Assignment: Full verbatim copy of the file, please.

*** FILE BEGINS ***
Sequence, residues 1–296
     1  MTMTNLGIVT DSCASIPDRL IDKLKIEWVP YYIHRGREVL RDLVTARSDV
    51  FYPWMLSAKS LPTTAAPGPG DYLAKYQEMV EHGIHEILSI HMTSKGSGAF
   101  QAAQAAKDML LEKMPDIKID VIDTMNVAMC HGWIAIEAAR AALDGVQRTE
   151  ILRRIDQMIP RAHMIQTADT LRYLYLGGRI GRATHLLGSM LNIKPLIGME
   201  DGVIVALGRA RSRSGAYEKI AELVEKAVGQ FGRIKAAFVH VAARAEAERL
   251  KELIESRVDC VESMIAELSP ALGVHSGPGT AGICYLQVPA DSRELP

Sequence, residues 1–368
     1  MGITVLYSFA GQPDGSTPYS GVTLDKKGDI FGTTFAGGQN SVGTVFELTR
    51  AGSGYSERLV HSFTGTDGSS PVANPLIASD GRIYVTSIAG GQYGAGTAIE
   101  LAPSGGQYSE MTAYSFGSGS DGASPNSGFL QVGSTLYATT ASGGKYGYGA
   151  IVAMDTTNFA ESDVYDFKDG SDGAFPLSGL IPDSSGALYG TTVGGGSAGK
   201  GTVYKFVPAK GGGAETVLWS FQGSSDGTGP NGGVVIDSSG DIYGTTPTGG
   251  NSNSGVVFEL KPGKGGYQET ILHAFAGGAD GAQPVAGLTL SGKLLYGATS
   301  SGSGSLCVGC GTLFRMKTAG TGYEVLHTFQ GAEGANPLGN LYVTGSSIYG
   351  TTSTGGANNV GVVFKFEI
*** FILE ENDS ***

Sequence, residues 1–296
     1  MTMTNLGIVT DSCASIPDRL IDKLKIEWVP YYIHRGREVL RDLVTARSDV
    51  FYPWMLSAKS LPTTAAPGPG DYLAKYQEMV EHGIHEILSI HMTSKGSGAF
   101  QAAQAAKDML LEKMPDIKID VIDTMNVAMC HGWIAIEAAR AALDGVQRTE
   151  ILRRIDQMIP RAHMIQTADT LRYLYLGGRI GRATHLLGSM LNIKPLIGME
   201  DGVIVALGRA RSRSGAYEKI AELVEKAVGQ FGRIKAAFVH VAARAEAERL
   251  KELIESRVDC VESMIAELSP ALGVHSGPGT AGICYLQVPA DSRELP

Sequence, residues 1–368
     1  MGITVLYSFA GQPDGSTPYS GVTLDKKGDI FGTTFAGGQN SVGTVFELTR
    51  AGSGYSERLV HSFTGTDGSS PVANPLIASD GRIYVTSIAG GQYGAGTAIE
   101  LAPSGGQYSE MTAYSFGSGS DGASPNSGFL QVGSTLYATT ASGGKYGYGA
   151  IVAMDTTNFA ESDVYDFKDG SDGAFPLSGL IPDSSGALYG TTVGGGSAGK
   201  GTVYKFVPAK GGGAETVLWS FQGSSDGTGP NGGVVIDSSG DIYGTTPTGG
   251  NSNSGVVFEL KPGKGGYQET ILHAFAGGAD GAQPVAGLTL SGKLLYGATS
   301  SGSGSLCVGC GTLFRMKTAG TGYEVLHTFQ GAEGANPLGN LYVTGSSIYG
   351  TTSTGGANNV GVVFKFEI